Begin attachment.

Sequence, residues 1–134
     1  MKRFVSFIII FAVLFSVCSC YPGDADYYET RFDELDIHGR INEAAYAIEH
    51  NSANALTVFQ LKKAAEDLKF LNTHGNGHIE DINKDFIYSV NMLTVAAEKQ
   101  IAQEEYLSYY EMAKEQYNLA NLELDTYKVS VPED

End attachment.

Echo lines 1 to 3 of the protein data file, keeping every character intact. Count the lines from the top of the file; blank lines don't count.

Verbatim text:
Sequence, residues 1–134
     1  MKRFVSFIII FAVLFSVCSC YPGDADYYET RFDELDIHGR INEAAYAIEH
    51  NSANALTVFQ LKKAAEDLKF LNTHGNGHIE DINKDFIYSV NMLTVAAEKQ